Colin Powell endorses Obama – and finally raises the Muslim question properly.

October 20, 2008

Colin Powell endorsed Obama. Most news outlets I’ve seen are excerpting only a few seconds of video, essentially the last 30 seconds of Powell’s endorsement. But you should watch the whole thing, because finally, finally, someone is sticking up for Muslims.

I didn’t really have an opinion on Powell until this- but he just made me like him a whole lot. He raised two important points, and chastized Team McCain on their xenophobia:

1. Obama is not Muslim.
Hillary “As far as I know” Clinton should take notes.

2. But more importantly, it shouldn’t matter even if he was.
The America Americans are proud of is one in which it wouldn’t matter. The America Americans are proud of is one in which little Muslim-American kids should be able to envision themselves growing up and running for President, and shame on the McCain camp for encouraging any other point of view.

Powell’s seven-minute endorsement basically synthesizes every jangly, frazzled, emphatic opinion I hold about this election, emulsifying it into something warm and smooth and thoughtful. It’s a silken position purée, an intellectual political velouté, an analytical fricasée of punditry, and well worth listening to. It’s here.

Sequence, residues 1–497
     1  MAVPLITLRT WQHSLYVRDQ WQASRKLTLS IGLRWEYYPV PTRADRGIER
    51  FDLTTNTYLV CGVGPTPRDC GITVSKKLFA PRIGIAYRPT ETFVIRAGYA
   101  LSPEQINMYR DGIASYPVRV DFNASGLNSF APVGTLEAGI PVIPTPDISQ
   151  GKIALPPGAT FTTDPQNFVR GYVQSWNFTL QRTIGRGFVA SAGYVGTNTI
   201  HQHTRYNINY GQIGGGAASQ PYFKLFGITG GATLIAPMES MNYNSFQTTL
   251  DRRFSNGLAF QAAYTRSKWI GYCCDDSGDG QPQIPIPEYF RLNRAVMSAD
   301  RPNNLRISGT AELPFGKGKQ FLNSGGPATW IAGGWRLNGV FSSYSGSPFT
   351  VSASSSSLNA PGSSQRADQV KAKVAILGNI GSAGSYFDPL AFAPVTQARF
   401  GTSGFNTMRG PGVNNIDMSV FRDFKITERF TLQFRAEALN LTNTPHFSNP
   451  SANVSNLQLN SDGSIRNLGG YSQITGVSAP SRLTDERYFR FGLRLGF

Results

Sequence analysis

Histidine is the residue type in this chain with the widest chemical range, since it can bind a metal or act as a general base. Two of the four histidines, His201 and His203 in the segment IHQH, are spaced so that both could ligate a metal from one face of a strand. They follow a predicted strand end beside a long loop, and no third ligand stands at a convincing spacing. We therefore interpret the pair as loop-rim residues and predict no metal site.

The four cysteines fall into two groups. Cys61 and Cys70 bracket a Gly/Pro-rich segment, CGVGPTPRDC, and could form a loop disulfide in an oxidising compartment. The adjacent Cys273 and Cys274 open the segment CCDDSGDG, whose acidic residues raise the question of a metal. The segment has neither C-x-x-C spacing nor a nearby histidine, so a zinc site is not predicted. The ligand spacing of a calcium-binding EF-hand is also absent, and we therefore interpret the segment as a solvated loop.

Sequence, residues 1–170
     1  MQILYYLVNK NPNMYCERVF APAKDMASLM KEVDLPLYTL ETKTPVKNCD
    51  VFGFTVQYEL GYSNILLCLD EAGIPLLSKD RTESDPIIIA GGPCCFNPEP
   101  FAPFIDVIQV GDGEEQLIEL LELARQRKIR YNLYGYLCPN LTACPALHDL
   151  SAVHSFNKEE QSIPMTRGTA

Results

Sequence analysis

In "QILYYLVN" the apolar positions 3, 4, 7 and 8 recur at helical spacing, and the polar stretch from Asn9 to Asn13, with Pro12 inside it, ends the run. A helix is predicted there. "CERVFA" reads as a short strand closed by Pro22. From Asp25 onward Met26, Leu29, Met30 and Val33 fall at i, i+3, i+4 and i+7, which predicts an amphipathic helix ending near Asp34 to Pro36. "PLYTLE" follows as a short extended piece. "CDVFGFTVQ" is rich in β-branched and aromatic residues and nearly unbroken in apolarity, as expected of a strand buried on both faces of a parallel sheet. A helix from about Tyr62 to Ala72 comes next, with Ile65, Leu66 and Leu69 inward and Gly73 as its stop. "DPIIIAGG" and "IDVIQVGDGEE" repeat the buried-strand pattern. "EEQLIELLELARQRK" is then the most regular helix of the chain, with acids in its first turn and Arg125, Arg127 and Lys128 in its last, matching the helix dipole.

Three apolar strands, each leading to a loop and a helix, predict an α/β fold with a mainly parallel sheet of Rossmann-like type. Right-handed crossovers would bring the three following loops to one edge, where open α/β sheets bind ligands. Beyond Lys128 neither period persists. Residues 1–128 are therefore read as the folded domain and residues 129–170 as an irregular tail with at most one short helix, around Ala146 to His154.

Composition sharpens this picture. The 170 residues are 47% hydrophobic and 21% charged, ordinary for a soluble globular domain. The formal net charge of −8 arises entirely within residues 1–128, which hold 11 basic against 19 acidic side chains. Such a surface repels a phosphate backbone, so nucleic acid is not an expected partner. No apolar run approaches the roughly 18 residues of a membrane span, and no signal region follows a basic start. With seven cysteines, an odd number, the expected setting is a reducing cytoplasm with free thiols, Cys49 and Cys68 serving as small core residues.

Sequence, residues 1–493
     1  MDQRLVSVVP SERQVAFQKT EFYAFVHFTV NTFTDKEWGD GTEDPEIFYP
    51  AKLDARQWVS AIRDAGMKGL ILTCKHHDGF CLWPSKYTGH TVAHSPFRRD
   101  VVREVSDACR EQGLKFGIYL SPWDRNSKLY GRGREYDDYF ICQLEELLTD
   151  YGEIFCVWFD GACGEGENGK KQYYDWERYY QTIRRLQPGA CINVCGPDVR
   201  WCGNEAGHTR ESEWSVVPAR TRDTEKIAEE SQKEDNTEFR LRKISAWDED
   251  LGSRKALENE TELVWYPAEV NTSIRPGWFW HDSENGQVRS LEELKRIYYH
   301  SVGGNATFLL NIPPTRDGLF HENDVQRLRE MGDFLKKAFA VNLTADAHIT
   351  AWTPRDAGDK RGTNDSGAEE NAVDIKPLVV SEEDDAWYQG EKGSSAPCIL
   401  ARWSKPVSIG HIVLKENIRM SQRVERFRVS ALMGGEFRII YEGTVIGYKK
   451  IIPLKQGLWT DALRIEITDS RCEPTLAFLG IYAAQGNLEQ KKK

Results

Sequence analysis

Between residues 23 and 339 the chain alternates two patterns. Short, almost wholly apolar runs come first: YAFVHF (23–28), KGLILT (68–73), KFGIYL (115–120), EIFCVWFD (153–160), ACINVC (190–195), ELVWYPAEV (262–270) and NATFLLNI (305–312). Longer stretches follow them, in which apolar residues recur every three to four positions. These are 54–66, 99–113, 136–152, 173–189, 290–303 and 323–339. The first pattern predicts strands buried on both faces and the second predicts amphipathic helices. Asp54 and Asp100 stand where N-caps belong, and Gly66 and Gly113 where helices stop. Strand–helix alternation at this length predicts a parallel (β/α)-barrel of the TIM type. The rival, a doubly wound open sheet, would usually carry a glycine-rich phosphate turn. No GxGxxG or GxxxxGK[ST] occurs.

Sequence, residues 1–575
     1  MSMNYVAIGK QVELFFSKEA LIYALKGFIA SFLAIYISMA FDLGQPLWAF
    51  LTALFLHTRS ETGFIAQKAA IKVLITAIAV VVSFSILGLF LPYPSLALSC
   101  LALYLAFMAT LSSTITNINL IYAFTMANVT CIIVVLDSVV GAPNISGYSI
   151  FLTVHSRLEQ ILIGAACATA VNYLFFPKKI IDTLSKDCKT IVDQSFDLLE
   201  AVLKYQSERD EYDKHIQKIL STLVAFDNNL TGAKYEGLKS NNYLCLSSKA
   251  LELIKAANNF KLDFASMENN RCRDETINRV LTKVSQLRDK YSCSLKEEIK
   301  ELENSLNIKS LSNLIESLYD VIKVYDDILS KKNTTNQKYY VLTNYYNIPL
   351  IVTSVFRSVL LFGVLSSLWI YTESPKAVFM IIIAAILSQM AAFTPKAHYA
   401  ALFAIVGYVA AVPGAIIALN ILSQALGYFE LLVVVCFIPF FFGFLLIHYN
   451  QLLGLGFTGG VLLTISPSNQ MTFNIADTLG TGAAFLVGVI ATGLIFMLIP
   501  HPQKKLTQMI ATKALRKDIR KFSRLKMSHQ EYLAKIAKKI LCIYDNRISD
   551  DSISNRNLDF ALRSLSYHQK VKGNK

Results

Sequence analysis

Thanks to dziga for the tip.

Obama HOPE poster and copycats

October 18, 2008

I love this poster, created by graphic designer Shepard Fairey:

But even more, I love these posters, which I found with my Google-Fu Image-Searching powers:

I choose to interpret this as a compliment in Ebonics.

I choose to interpret this as a compliment in Ebonics.

I think I’d like one featuring Obama, entirely in shades of light brown, and captioned TAUPE.
Update: Obama: Taupe is done.

Here’s a great tutorial on how to make your own vectorized poster using Photoshop and Illustrator.

And finally, if you like this post, you should really check out my Barack Obama Hallowe’en costume.

NYTimes’ David Brooks hopes you’ll agree Obama is “dull” and a “machine”.

October 17, 2008

Today I read David Brooks’ New York Times article about Barack Obama: Thinking About Obama. NYT summary: “Through some deep, bottom-up process, Barack Obama has developed strategies for equanimity, and now he’s become a homeostasis machine.”